Is Zim literature at the crossroads?
Lovemore Ranga Mataire The Reader
THE origins of Zimbabwean literature are as old as the origins of mankind. The mere fact that since time immemorial Zimbabweans have had a firm belief in the esoteric forces that governed their well-being is a clear indication of the existence of art in all its various forms. Well before the written word became a medium for communication, Zimbabweans have always had a reservoir of a myriad rich oral literature ranging from poetry, praise songs, war songs, prayers, rainmaking, marriages and the popular mahumbwe and other game plays were all part of the Zimbabwean way of life celebrated by both the young and old.
It is important to note that this reservoir of literature or art forms was not a product of desperate impulsive desire for a communication tool but were developed over time and in turn every symbol is meaningful and relevant to particular circumstances. The literature evidently reflected the Zimbabwean mentality, sensibility, morality and philosophy.
In the words of Josiah Nyanda (Moto Magazine, 2000) all these art forms are “symbols of African aesthetic and (evidence) that the world of African world of art has never been asleep and did not need any foreign or local critic to define it. Rather, it defined itself”.
It is from this reservoir that centuries later gave birth to Charles Mungoshi (Waiting for the Rain, 1975), Dambudzo Marechera (House of Hunger, 1979), Chenjerai Hove (Bones, 1988), Shimmer Chinodya (Harvest of Thorns, 1989), Tsitsi Dangarembga (Nervous Conditions, 1988) and Yvonne Vera (Nehanda, 1993), Patrick Chakaipa (Karikoga Gumi Remiseve, 1958) just to mention a few Zimbabwean authors that became the foremost social, political and cultural interpreters of our conditions as Zimbabweans and in a broader sense Africans.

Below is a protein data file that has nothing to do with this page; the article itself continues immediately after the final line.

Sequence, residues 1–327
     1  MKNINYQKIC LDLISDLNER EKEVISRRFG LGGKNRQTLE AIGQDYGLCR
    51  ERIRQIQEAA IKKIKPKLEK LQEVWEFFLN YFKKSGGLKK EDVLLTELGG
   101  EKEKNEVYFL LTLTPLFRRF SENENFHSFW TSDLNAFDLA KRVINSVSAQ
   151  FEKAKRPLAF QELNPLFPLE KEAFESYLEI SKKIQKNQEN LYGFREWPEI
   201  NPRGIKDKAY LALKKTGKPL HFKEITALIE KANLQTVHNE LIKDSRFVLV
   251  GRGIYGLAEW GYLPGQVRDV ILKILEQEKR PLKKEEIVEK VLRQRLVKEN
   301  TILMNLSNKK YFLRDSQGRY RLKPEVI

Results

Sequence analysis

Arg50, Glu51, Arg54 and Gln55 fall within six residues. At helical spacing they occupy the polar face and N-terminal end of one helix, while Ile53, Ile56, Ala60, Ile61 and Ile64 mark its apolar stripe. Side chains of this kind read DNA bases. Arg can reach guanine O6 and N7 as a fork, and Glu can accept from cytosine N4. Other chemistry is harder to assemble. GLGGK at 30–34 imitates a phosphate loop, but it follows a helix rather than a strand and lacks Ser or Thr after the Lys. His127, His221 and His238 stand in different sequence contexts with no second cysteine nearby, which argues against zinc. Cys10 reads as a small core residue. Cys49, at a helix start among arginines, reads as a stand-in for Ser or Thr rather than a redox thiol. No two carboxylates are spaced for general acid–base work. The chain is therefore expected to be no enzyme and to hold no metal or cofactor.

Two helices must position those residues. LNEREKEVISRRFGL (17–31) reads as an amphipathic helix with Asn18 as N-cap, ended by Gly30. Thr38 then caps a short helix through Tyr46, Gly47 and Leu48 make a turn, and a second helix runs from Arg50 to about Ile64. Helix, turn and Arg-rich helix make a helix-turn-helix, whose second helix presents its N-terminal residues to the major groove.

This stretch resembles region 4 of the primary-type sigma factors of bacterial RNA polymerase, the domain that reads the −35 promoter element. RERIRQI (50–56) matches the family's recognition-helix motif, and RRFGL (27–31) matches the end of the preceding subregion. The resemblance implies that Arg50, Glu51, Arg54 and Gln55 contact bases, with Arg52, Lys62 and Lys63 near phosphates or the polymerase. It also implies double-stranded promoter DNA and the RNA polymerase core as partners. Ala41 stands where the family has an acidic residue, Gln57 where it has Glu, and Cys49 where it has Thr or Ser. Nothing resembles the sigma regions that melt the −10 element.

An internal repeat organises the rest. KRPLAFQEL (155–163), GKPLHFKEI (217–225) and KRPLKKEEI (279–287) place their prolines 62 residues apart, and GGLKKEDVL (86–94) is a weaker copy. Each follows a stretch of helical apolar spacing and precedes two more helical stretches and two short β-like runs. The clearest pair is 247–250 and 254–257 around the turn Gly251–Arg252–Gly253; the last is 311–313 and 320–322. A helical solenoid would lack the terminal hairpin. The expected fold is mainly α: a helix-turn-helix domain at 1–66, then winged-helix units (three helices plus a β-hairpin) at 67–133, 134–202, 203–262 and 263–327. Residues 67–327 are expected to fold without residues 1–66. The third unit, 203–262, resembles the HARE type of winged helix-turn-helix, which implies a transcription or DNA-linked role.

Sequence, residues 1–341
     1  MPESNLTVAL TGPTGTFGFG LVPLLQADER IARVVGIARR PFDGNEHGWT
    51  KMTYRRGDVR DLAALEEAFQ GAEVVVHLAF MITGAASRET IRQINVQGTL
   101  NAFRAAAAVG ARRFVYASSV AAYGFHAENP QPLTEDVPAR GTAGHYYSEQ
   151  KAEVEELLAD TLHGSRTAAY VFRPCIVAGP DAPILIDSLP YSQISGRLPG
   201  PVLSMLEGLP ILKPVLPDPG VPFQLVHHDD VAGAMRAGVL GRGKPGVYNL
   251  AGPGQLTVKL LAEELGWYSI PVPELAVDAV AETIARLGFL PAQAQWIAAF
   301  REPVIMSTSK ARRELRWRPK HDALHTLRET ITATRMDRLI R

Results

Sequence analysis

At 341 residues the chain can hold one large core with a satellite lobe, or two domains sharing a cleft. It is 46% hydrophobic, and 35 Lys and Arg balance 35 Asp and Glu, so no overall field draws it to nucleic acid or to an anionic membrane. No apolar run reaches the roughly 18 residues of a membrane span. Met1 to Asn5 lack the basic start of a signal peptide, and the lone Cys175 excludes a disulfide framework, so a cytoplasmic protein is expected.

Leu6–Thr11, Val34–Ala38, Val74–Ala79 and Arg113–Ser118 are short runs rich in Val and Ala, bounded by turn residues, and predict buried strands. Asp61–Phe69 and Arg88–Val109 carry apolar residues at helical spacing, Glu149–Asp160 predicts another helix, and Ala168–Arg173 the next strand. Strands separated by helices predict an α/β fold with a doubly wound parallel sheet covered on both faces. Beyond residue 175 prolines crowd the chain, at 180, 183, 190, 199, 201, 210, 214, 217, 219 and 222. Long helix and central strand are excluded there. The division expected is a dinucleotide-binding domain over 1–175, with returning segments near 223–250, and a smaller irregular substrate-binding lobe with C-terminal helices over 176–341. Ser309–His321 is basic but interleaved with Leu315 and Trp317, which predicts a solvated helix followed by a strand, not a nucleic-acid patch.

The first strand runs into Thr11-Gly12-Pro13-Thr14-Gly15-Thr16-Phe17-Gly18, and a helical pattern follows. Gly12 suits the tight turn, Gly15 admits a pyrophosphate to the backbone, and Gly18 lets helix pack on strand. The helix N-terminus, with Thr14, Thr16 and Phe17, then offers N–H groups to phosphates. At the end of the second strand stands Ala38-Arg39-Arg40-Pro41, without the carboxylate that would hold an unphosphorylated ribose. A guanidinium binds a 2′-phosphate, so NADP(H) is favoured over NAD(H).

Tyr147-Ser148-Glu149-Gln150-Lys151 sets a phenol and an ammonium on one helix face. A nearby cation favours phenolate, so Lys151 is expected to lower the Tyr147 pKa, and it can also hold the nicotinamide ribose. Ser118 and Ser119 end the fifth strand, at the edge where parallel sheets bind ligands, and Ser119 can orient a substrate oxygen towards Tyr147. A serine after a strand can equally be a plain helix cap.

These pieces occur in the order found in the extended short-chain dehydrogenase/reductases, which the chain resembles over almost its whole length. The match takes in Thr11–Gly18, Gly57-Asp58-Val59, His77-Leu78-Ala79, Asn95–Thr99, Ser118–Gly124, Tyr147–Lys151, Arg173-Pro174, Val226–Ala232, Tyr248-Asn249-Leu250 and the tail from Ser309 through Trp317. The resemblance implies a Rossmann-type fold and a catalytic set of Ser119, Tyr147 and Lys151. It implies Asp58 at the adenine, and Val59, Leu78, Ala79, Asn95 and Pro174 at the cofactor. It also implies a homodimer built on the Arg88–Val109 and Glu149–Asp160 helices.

While it is an agreed fact that the birth of Zimbabwean classic literature is as much influenced by early European writers, it is also an incontestable fact that it was also largely shaped by the esoteric African forces and experience.
Sadly, decades later, it seems Zimbabwean literature is sliding backwards into some kind of post-modernist narrative that has subconsciously allowed itself to be defined by the discourse of European prejudicial stereotypical images of Africa in the tradition of Joseph Conrad’s Heart of Darkness, which depicts Africa and its people in the most denigrating and despicable terms of being mere “cardboard characters” devoid of any intellect.
A perusal of the texts by so-called contemporary authors like No Violet Bulawayo makes one wonder in whose interests she is writing? The bane of Zimbabwe’s literature today is that those who have assumed the self-appointed mantle of being contemporary authors either by default or design seem to be all domiciled in some white Western capitals and inadvertently view their Lilliputian measure of success by the genuflections of those that sponsor and fund their writings.
There is a serious pervading mimicry of the erstwhile colonisers by so-called contemporary authors, which is disturbing and disabling. This colonial mimicry is couched within the framework of mimicking what they perceive as the “original” and “true” and is at the source of power.
It seems our emerging authors are always searching for some kind of self-fulfilment and to curve a niche for themselves in the eyes of their benefactors. Scepticism and self-denigration becomes the hallmark of their narrative typifying the internalisation of received colonial prejudices as illustrated by Frantz Fanon in Black Skin, White Masks and The Wretched of the Earth.
It cannot be doubted that Zimbabwe is in dire need of some kind of regeneration. There is need for a collective effort to rescue Zimbabwean literature from its current damning status.
Whether one has been educated in Europe or Africa, it is a matter of duty to dignify the survival and sustenance of his or her own people without necessarily glossing over the “pitfalls of national consciousness”.